Ilustración por Bambang Noer Ramadhan

We Got to the Bottom of Indonesia's Mind-Control Robberies

Local newspapers are full of stories about people being hypnotized into emptying their life's savings by gangs of skilled thieves. Is any of it true?

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Aug 22 2017, 5:45pm

Ilustración por Bambang Noer Ramadhan

This article originally appeared on VICE Indonesia.

Romy Rafael has the kind of eyes people get lost in. His long black hair was pulled back in a slick pigtail that reached down to his tailbone. His mustache and sideburns were neatly trimmed. Romy looked sort of mysterious, like the kind of guy people describe as "tall, dark, and handsome." His looks alone were surely enough to make hearts swoon.

I was sitting opposite Romy—a celebrity hypnotherapist famous for performing magic tricks on TV—to ask about one of the strangest kinds of Indonesian crime stories: robbery by hypnosis. Stories of mystical thieves who can hypnotize their victims with a single touch are everywhere in Indonesia. Some news outlets even have archives devoted entirely to kejahatan hipnotis, or hypnotist crimes.

The modus operandi is always the same. There's an unsuspecting victim, perhaps someone emotionally troubled or naïve, and a charming individual or group who taps the victim's shoulder or shakes his or her hand. Then it's straight to the bank, the ATM, or a safe. The victims empty their bank accounts, give up their smartphones, and even raid their jewelry box—all under the control of these malevolent hypnotists.

These crimes are so common that Indonesian police routinely warn people to be on the lookout for thieves with mystical mind control powers. The Jakarta Police once set up a sting operation to arrest three thieves accused of hypnotizing their victims into draining their bank accounts after similar stories started to grab headlines. In neighboring Malaysia, the government actually made a PSA warning of the threat of robbery via hypnosis.

Romy Rafael. All photos by Tsering Gurung

But is any of this true? Southeast Asia is full of stories that seem, at first read, too strange to be true. We've investigated efforts by the Indonesian government to outlaw black magic; we've gone on ghost hunts and covered the disturbing trend of real-life witch hunts. So what about mind control and hypnosis? Is this actually happening?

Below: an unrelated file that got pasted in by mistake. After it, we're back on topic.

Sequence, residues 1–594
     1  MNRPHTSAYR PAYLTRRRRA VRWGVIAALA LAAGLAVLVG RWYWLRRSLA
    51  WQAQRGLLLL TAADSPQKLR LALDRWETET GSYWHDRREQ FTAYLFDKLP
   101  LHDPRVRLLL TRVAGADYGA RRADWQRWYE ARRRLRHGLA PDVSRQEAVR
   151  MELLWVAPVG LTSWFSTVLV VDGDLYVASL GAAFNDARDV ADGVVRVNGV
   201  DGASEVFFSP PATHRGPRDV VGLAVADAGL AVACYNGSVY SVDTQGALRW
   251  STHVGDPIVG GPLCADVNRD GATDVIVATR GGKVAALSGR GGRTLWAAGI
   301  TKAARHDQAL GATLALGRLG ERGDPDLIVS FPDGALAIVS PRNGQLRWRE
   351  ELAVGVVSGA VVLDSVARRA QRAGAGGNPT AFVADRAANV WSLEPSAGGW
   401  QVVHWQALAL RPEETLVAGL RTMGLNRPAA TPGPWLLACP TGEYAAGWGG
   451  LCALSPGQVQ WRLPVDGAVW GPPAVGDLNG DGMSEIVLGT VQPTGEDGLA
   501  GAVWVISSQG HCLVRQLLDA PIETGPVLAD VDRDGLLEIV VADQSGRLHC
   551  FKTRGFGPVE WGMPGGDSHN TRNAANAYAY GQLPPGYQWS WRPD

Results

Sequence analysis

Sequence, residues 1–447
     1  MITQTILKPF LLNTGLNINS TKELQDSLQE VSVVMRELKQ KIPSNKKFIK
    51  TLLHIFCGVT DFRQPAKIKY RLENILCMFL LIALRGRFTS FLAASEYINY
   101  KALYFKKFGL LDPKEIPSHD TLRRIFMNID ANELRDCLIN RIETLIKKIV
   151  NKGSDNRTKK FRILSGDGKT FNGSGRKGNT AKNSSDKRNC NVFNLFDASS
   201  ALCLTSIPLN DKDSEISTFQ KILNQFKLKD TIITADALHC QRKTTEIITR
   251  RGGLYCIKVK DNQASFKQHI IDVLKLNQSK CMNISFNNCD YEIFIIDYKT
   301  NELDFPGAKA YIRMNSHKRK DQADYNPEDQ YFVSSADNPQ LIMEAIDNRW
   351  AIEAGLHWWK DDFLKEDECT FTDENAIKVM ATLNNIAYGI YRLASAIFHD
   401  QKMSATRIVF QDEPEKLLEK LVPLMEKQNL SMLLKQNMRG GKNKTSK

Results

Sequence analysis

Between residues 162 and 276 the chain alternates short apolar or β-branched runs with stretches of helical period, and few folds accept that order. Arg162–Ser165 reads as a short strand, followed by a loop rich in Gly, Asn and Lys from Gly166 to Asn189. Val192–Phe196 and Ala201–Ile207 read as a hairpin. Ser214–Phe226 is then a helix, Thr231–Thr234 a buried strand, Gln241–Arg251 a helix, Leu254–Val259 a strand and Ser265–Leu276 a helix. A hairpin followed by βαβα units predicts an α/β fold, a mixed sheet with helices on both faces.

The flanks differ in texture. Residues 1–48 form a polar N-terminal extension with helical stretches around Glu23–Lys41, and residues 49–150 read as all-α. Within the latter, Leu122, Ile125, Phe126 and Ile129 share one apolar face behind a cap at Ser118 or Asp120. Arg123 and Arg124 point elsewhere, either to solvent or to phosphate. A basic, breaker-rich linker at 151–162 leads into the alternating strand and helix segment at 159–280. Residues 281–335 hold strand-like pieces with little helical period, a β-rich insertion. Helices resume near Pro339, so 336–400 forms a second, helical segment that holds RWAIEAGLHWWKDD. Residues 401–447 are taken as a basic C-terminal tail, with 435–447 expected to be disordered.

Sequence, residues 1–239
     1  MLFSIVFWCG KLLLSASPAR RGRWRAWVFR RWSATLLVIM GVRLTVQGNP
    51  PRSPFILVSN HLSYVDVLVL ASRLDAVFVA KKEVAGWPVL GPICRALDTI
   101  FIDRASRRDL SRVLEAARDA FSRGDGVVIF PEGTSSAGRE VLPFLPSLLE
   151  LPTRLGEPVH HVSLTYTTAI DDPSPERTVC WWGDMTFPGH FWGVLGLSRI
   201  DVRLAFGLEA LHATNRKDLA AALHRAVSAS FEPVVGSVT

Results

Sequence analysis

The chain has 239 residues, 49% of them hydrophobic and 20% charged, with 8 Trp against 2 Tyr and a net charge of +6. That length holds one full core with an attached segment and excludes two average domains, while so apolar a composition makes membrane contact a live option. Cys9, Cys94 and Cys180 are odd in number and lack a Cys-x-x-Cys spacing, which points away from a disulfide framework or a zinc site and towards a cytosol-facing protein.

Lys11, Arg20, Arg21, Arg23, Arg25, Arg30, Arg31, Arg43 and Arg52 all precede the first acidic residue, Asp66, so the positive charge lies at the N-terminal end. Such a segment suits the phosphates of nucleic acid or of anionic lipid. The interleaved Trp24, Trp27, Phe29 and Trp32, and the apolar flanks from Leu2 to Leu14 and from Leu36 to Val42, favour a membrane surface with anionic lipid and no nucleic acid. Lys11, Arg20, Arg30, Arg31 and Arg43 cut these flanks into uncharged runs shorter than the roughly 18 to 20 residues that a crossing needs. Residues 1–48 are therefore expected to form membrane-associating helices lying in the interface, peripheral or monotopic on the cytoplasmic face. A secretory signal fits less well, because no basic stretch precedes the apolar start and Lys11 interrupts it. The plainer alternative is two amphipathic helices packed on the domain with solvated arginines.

Romy listened as he stirred a cup of black coffee—no sugar. He wasn't convinced.

"What people imagine as criminal hypnosis isn't true," Romy told me. "They believe it's true, therefore, it becomes true. But belief and fact are two completely different things. What people imagine is that somebody can just go up to you on the street, tap your shoulder, and you're done.

"Show me somebody who can do that and I will pay him millions. On my show, I've challenged people who claimed they could do that, but nope, they could never deliver."

What's often missing from these sensational stories of hypnosis crimes is the role the victims themselves often play in their own robberies.

"People are embarrassed to admit that they got duped or persuaded," Romy said. "So they exaggerate the myth of automatic hypnosis through physical touch. The thing with hypnosis is, it's just an art of soft persuasion. So without the victim's consent or willingness to participate, nothing would happen."

So then what is hypnosis actually? It is really impossible to hypnotize someone without their consent?

"Hypnosis is a condition in which a hypnotherapist guides someone into a state of deep relaxation so he or she is open to any suggestion." Romy told me. "But the precondition for hypnosis is having consent. I can't stress this often enough: If the person being hypnotized resists hypnosis, nothing can be done about it.

"No hypnotherapist is 'powerful' enough to force somebody to do anything against his or her free will. Physical touch like tapping someone's shoulder or shaking their hand is done to create an immediate physical connection with the victims, but it's not how hypnosis is done."